SummaryRead the full fact sheet
- You are the most influential role model in your children’s life, so lead by example.
- Give your children opportunities to appreciate their body for what it can do, rather than what it looks like.
- If you’re concerned about your children’s body image, self-esteem, eating behaviours or physical activity behaviours, consult with your doctor for information and referral.
About tips for parents
There are many ways that parents can encourage positive body image and strong self-esteem in their children. If you’re concerned about your children’s body image, self-esteem, eating behaviours or physical activity behaviours, consult with your doctor for information and referral.
Your body image is how you think and feel about your body, and what you imagine it looks like. This may have nothing to do with your actual appearance, including your size, shape and weight. Having a positive body image means you can accept, appreciate and respect your body. A positive body image is associated with better self-esteem, self-acceptance and healthy lifestyle behaviours, including a balanced approach to food and physical activity.
Poor or negative body image can have negative effects on a person’s physical, psychological and social health. This can include disordered eating, compulsive exercise or overexercising, depression, anxiety and low self-esteem. Relationships, social functioning, mood and activity choices can be seriously affected by body image and low self-esteem. Feeling self-conscious or distressed about physical appearance can cause some people to decrease social interactions and disengage from daily activities. This can create feelings of loneliness and isolation, and increase concerns about being accepted by others, which can further affect self-esteem.
Be a good body image role model for your children
One of the most influential role models in your children’s life is you. Parents can encourage their children to feel good about themselves by showing them how it’s done and leading by example.
- Children generally learn eating behaviours from their parents and other family members, so try to make sure you include a wide variety of foods from the five food groups in your family’s diet. This includes fruit and vegetables, grains, lean meats and dairy products. Go easy on foods that are higher in saturated fat, sugar and salt (for example, fried foods, sweetened drinks). Try to include these as occasional foods and encourage your children to eat a wide variety of foods and in moderation, as recommended in the Australian Dietary Guidelines.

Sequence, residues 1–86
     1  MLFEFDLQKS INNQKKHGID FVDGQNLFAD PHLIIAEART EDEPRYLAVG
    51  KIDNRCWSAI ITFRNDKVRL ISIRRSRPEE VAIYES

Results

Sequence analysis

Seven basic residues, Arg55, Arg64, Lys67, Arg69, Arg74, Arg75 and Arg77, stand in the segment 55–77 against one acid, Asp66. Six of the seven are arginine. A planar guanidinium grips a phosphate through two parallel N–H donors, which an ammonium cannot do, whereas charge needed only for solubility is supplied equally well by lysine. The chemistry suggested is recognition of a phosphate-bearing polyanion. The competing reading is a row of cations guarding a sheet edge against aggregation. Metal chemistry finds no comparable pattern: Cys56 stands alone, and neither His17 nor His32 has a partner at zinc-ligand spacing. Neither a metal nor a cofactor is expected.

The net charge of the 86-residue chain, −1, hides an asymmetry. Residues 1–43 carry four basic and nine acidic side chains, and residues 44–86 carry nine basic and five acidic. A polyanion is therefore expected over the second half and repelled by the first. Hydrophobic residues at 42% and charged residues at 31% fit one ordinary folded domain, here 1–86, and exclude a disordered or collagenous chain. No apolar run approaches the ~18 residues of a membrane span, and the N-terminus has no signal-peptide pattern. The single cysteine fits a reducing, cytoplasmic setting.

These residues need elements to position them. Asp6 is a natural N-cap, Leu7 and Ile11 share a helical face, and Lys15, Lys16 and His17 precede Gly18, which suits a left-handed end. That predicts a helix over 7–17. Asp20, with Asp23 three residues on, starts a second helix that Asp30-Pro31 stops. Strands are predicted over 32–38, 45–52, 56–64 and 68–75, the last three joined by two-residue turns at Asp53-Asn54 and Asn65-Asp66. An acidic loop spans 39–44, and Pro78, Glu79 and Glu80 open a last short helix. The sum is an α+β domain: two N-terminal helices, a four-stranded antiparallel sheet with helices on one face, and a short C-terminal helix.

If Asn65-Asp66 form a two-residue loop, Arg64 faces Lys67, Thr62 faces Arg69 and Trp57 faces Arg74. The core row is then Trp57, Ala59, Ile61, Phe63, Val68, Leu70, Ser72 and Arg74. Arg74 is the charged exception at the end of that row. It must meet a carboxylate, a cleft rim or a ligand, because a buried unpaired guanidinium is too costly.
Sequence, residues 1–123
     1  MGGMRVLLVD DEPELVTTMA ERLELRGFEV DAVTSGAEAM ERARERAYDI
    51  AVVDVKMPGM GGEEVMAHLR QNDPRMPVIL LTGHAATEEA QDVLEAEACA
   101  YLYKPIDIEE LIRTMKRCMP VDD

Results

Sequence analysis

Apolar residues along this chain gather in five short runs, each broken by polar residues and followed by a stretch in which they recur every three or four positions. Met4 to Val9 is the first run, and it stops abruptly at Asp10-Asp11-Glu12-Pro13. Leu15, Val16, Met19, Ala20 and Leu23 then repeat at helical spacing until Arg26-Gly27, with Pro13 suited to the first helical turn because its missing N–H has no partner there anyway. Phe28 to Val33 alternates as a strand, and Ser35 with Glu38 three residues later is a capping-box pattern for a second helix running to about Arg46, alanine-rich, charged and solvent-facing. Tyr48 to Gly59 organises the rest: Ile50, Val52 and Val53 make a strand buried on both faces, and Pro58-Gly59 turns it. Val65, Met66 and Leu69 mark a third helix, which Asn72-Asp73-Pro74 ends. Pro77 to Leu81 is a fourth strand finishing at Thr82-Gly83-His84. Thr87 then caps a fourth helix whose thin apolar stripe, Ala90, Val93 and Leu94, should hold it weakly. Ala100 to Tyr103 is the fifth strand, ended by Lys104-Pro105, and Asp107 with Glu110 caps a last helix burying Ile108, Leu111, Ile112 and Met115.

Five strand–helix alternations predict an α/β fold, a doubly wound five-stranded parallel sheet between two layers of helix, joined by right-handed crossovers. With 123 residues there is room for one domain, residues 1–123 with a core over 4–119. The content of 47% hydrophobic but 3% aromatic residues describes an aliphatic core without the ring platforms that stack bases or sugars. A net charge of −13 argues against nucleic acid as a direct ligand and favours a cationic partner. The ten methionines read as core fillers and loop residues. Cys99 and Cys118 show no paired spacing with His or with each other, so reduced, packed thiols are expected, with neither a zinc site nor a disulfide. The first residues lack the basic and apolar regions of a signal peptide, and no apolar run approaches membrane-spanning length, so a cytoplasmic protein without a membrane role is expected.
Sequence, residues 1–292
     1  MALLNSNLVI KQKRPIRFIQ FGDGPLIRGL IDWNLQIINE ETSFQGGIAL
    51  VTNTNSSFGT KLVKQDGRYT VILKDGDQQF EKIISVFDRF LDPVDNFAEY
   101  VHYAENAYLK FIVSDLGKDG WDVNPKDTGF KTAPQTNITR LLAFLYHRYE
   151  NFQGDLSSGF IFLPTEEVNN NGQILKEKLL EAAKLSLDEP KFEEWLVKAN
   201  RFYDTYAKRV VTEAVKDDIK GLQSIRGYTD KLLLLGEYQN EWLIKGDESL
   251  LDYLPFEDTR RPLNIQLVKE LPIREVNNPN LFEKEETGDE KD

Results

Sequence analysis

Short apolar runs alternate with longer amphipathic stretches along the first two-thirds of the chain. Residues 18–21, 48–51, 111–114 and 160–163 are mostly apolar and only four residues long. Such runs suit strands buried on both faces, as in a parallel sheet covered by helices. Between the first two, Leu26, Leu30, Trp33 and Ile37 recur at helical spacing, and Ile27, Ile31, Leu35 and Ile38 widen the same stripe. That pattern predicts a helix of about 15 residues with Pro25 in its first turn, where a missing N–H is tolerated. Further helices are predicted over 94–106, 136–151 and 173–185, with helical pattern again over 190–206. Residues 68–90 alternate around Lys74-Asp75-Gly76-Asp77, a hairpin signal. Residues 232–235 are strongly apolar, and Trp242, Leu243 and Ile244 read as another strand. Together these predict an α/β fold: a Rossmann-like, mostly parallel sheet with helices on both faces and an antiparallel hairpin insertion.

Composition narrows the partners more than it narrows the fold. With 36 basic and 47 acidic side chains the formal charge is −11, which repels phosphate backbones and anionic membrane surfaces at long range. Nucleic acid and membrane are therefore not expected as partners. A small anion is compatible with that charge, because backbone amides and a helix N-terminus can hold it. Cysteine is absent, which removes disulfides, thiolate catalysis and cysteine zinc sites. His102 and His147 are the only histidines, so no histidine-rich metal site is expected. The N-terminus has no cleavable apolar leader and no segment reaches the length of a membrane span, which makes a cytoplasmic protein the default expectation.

- Try to avoid labelling foods as ‘good’ or ‘bad‘. Instead, focus on the nourishment that food provides and encourage flexibility in eating patterns. Assigning moral value to foods can create an unhealthy relationship with food and can create feelings of guilt or shame associated with eating certain foods. It can also increase the risk of dieting and disordered eating behaviours.
- Avoid dieting and don’t encourage your children to diet, regardless of body size, shape or weight. Dieting can be dangerous as it can cause symptoms such as dehydration, weakness, fatigue, nausea, headaches and constipation, and can lead to inadequate vitamin and mineral intake. It’s also a strong risk factor for developing an eating disorder. Studies also show that most people who diet regain the weight, or gain additional weight, within a couple of years. Talk to your children about the dangers of dieting. If you’re concerned about the physical health of your children, or their eating behaviours, consult with your doctor or a dietitian.
- Be aware of the effect of negative body talk around your children, about your own body and the bodies of other people. Work on modelling a healthy acceptance of your own body shape and size. Don’t complain about body parts you are dissatisfied or unhappy with, or at least, don’t share these thoughts or talk about them in front of your children.
- Accept that bodies come in all shapes and sizes and help your children to celebrate body diversity. Avoid placing too much value on physical appearances and your children will too. Instead, try to talk to them about all the different aspects that make up a person, such as personality, skills and interests, and outlook on life.
- Engage in regular physical activity and keep the focus on health, fun and enjoyment. Try to engage in at least one family activity each week that involves physical activity (for example, going for a walk or bicycle ride, dancing, gardening, playing backyard cricket, tennis or swimming).